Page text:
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NCJ Number: 98117 Find in a Library
Title: Social Scientists in the Courtroom - The Frustrations of Two Expert Witnesses (From Courts and Criminal Justice, P 81-91, 1985, Susette M Talarico, ed. - See NCJ-98113)
Author(s): M G Gertz; E J True
Date Published: 1985
Page Count: 11
Sponsoring Agency: Sage Publications, Inc
Thousand Oaks, CA 91320
Sale Source: Sage Publications, Inc
2455 Teller Road
Thousand Oaks, CA 91320
United States of America
Language: English
Country: United States of America
Annotation: The contrast between the adversary and scientific approaches to knowledge is explored in the context of the authors' experience as expert witnesses and with reference to the use of social science research in trials involving the battered woman syndrome.
Abstract: The authors were expert witnesses in a murder trial in which the accused had killed her husband by shooting him while he slept. The authors were asked to evaluate the testimony of the defense expert, who claimed that the murder was inevitable because the wife suffered from the battered wife syndrome and learned helplessness. The authors' lengthy testimony and the cross-examination led them to conclude that communication was not taking place because of their inability to present information in a way useful in the courtroom and because of lawyers' inability to comprehend what social scientists know. In this and other cases involving the battered woman syndrome, lawyers' inability to recognize the proper point of attack in a methodological discussion is one crucial problem. Another issue is the problem of getting the legal community to understand the concept of reliability. The cases of Berle v. State and Hawthorne v. State illustrate how the advocacy process disrupts the traditional means of scientific inquiry for checking erroneous arguments. Despite these problems, social scientists can still have a role to play. The idea of having the social scientist work for the court rather than for the prosecution or defense should be explored. The adversaries could attack the expert, but the role of the expert would be more clearly defined in a neutral manner. The goal in an exploration of alternatives should be to see how the social scientist's approach and the needs of lawyers can be integrated. A figure, list of 5 cases, and 18 references are provided.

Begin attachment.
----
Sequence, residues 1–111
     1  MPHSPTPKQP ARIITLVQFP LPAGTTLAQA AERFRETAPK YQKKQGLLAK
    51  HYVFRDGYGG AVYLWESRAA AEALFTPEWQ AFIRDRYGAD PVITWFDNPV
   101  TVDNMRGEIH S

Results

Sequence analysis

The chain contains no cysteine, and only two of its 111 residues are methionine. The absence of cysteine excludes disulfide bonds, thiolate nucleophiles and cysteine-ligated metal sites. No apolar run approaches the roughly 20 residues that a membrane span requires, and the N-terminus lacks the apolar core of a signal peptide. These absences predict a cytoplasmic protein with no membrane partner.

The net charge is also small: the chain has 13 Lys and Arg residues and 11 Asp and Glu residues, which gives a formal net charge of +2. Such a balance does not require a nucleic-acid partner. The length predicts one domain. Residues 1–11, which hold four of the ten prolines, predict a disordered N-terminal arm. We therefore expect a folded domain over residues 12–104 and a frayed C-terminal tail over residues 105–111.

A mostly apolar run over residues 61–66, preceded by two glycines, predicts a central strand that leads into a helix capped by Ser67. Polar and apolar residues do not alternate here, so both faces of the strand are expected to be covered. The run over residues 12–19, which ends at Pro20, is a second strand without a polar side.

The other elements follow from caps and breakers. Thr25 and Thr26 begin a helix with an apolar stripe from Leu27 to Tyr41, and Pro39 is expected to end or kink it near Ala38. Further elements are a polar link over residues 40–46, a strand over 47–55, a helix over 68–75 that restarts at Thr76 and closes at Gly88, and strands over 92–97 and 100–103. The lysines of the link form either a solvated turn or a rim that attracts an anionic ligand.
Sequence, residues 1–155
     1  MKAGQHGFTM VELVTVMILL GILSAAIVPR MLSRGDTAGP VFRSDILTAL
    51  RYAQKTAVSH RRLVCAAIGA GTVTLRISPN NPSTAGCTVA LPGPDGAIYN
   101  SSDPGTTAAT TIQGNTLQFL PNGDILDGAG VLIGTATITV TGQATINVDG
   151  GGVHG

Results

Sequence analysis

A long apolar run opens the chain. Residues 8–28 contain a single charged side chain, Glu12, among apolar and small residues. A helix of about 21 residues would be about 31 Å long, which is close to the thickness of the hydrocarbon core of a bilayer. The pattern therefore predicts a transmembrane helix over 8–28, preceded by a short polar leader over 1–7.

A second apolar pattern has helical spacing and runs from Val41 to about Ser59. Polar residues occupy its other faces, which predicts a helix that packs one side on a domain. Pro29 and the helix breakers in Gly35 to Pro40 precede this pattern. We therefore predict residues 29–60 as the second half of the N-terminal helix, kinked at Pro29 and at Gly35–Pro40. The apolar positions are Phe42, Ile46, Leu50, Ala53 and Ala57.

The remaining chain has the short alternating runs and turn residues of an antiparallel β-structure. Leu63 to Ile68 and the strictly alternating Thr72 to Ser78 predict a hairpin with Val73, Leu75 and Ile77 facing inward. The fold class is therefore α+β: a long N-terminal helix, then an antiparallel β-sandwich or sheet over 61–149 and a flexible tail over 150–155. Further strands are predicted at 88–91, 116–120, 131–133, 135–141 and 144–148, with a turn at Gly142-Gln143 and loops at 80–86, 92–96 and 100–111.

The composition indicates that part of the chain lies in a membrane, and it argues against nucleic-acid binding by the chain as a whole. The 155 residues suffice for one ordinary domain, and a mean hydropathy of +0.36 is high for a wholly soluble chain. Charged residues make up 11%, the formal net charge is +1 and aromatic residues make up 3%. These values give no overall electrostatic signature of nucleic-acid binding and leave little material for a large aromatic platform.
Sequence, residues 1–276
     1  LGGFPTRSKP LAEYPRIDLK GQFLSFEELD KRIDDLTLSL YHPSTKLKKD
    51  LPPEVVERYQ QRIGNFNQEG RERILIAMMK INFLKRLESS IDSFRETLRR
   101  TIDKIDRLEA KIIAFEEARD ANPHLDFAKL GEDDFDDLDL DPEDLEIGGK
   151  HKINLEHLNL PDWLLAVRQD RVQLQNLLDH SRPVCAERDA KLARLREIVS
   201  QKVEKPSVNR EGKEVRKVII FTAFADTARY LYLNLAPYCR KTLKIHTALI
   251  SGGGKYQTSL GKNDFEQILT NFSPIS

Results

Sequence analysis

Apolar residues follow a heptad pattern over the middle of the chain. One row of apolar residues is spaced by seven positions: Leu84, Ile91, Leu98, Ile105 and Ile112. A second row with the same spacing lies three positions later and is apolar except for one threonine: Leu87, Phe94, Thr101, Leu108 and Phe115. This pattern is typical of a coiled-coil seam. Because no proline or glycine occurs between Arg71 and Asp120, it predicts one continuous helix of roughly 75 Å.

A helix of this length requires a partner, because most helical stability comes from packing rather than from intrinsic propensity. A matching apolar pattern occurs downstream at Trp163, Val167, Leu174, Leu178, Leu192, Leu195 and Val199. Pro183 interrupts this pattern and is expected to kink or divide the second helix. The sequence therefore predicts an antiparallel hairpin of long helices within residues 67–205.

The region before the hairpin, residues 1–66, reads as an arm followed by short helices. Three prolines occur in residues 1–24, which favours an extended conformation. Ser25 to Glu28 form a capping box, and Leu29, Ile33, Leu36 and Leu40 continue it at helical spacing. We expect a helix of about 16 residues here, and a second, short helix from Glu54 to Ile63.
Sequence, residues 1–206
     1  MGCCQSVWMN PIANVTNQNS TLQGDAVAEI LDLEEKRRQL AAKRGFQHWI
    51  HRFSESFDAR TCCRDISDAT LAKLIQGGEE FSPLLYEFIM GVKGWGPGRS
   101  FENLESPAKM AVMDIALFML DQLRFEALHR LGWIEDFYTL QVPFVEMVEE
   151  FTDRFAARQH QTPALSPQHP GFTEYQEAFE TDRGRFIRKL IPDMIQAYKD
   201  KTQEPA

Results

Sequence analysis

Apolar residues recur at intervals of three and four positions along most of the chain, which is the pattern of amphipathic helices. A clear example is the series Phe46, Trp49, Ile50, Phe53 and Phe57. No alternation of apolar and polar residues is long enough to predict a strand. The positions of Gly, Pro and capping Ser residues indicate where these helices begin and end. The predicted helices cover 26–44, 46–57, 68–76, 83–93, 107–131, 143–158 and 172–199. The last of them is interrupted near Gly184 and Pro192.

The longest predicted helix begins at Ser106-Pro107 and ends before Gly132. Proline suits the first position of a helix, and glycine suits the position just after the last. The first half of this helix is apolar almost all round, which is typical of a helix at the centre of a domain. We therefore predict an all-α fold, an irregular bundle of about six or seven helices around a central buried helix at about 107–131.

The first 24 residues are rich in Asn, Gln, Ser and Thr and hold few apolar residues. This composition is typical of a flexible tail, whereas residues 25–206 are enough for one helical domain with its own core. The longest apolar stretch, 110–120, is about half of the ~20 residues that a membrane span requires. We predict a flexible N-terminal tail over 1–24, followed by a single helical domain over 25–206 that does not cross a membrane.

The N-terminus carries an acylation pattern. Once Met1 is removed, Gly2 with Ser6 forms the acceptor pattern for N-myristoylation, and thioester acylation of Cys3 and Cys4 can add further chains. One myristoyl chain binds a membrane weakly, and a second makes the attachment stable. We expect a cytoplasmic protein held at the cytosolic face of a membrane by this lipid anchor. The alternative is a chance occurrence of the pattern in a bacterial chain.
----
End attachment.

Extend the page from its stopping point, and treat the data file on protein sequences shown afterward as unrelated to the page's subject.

Index Term(s): Battered woman syndrome; Expert witnesses; Witness credibility
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http://www.ncjrs.gov/App/publications/abstract.aspx?ID=98117

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